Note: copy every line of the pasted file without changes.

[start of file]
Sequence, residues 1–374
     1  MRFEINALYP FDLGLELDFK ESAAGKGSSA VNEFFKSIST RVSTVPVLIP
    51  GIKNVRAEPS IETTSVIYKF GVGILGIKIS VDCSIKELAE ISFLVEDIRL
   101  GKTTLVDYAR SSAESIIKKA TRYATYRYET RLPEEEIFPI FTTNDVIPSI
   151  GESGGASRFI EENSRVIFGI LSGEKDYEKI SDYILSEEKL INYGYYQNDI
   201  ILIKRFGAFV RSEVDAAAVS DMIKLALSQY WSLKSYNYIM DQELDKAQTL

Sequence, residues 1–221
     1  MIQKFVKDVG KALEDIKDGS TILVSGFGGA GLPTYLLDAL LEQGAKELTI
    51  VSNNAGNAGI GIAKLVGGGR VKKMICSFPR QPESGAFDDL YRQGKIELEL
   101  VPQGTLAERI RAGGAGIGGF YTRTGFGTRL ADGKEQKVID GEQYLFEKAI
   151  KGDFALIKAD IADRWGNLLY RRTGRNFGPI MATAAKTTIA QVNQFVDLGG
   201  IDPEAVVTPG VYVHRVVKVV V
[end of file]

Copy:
Sequence, residues 1–374
     1  MRFEINALYP FDLGLELDFK ESAAGKGSSA VNEFFKSIST RVSTVPVLIP
    51  GIKNVRAEPS IETTSVIYKF GVGILGIKIS VDCSIKELAE ISFLVEDIRL
   101  GKTTLVDYAR SSAESIIKKA TRYATYRYET RLPEEEIFPI FTTNDVIPSI
   151  GESGGASRFI EENSRVIFGI LSGEKDYEKI SDYILSEEKL INYGYYQNDI
   201  ILIKRFGAFV RSEVDAAAVS DMIKLALSQY WSLKSYNYIM DQELDKAQTL

Sequence, residues 1–221
     1  MIQKFVKDVG KALEDIKDGS TILVSGFGGA GLPTYLLDAL LEQGAKELTI
    51  VSNNAGNAGI GIAKLVGGGR VKKMICSFPR QPESGAFDDL YRQGKIELEL
   101  VPQGTLAERI RAGGAGIGGF YTRTGFGTRL ADGKEQKVID GEQYLFEKAI
   151  KGDFALIKAD IADRWGNLLY RRTGRNFGPI MATAAKTTIA QVNQFVDLGG
   201  IDPEAVVTPG VYVHRVVKVV V